There also seems to be some idea that I could do this without the aid of the tailed demon. Yeah, sure I could. Is doing this at all not masochistic enough for youse guys?! Sheesh, it's going to take me long enough as it is - instead I could be knocking something up in ply using biscuits in, oooo easily under a month. Okay, maybe two.

Mind you, after all this, it dawns on me I'm going to have one heck of a time finding room on the wall to hang the blessed thing, whichever way I make it...

Friday, January 05, 2007

Helping Hand

Getting cold feet on the tambour doors again. I keep telling myself the inital pain would pay dividends if I go all tamboured for the other cabinets, but it's oh-so tempting to give in and do something altogether more hand tool-friendly. I mean it's crazy to be making storage for hand tools and having to use the evil tailed router to do it, isn't it? Well it is, isn't it? Don't look at me like that...

Meanwhile the Canadian (or possibly just LV?) obsession with hands continues. Not content with making plane handles that are either too large or too small, now some of my photos have apparently been re-shot with someone's lovelier hands doing the work. This is the big time, boys - I have a stand-in! Terribly nicely put and it's hoped I don't mind etc etc. Naturally I don't mind. I simply laughed long and loud at the fact that apparently various employees have particularly photogenic apendages on the ends of their arms and "often act as hand models". I'm sorry, Mr Bloggs, you haven't got the job; the other guy had lovelier hands... Mind you if I have to see a therapist in about 20 years because I have psychological damage caused by an unhealthy preoccupation with my mitts then I know who's getting the bill.

Wednesday, January 03, 2007


I expect long-term readers were thinking the mention of the saw till was another one of those flashes in the pan. A ruse just to have something to blog about. Hah. And I say again - hah! For lo, it has come to pass that I hauled out the unlovely, ex-chapel Sunday School benches cunningly disguised as free pine with a view to using it. One side of every board well-polished after the passage of many methodist behinds over the years, natch.

The not-at-all-Kenyon-like saw I rehandled and sharpened following Mike's advice did a bootiful hot-knife-through-butter impression, cutting away all the dross and the couple of places where nails still lingered. Then it was just a case of considerable travelling to and fro through across the planer and through the thicknesser (or over the jointer and through the planer if you're reading this in North America) to make it look a lot more welcoming as a usable material.

As long as you don't look too closely...

I'll let it sit for a bit to see if it really as stable as it ought to be after numerous years - and to make sure all the evil beasties have long gone - but it's a start. Only downside was the tape measure dying a horrible death. Not sure what make of tape the fashionable woodworker favours these days?

Oh and I've heard the Bad News about the shipping charges. Ouch...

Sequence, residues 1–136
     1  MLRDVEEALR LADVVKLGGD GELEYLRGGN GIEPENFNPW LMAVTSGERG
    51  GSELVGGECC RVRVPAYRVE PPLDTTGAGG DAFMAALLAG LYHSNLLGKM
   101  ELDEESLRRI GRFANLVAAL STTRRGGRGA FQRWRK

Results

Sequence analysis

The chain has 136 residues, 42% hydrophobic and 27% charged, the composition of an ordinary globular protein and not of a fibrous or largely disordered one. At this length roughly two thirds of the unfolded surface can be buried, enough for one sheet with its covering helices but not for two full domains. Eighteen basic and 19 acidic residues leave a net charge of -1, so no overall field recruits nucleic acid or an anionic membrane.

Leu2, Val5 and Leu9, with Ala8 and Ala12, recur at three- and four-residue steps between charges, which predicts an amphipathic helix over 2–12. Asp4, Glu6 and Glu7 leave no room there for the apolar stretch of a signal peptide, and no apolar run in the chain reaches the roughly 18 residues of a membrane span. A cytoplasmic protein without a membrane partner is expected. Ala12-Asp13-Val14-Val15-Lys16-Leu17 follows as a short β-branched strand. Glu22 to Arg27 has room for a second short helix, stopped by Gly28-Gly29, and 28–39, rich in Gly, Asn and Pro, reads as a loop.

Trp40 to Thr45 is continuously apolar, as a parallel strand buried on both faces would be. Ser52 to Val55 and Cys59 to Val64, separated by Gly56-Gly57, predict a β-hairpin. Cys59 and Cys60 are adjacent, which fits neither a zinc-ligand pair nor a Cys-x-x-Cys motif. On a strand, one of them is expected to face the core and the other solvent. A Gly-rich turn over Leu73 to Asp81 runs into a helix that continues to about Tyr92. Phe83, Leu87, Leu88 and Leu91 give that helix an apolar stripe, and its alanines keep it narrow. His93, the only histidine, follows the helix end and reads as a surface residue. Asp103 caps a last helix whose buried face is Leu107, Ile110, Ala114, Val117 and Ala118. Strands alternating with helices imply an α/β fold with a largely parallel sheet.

Tuesday, January 02, 2007

Dear Customer

So a new year and the potentially fatal email...

Dear Customer, thank you for shopping at Lee Valley Tools...

Yes, after all this time I'm almost a customer at last. Not quite - still waiting for the follow up email with the Bad News about the shipping cost - but almost. Is this a good way to start a new year I wonder? Shouldn't one be giving up things that are bad for you rather than taking up a fresh addiction? Oh well, I've done my best to stick with largely useful, and thus boring, items like files and O1 blades in the hopes I won't get too excitable about it all. Hmm, heavy items too, it dawns on me. D'oh.

In other news I've been toying with thoughts of the saw till again. Remember that? Wadda you mean "no"? Yes all right, so it dropped off the radar a bit what with one thing and another, however I'm considering it with new enthusiasm. Sort of. Funny thing though; as soon as I did my back gave a squeak again. Are my vertebrae conspiring against me? Literally ganging up behind my back? Maybe I should only befriend straight backed saws and shun the skewed variety, as a sort of hint...

And our picture for today? Found a fascinating thing via Google Books; "The Book of English Trades, and Library of the Useful Arts" (1818). This character is The Carpenter, of which image it informs us (with an interesting extra sprinkling of punctuation):

"The Carpenter, in the plate, is represented in the act of planing the edge of a board that is held to the side of the bench, by means of a screw, which is always attached to it. On his bench, are a hammer, pincers, mallet, and two chisels; a box, also, containing the Turkey stone, with which he sharpens his tools: the shavings taken off from his plane, are scattered on his bench and on the ground. At the right-hand-corner, stands some coarse boards, and his bag, in which he carries his tools: on the other side is the saw, upon the four-legged stool, which he uses for various purposes. Behind him is a new door, some other boards, a saw hanging against the wall, and a basket, in which he puts his smaller tools."

Artists do have terrible trouble drawing saw handles, don't they?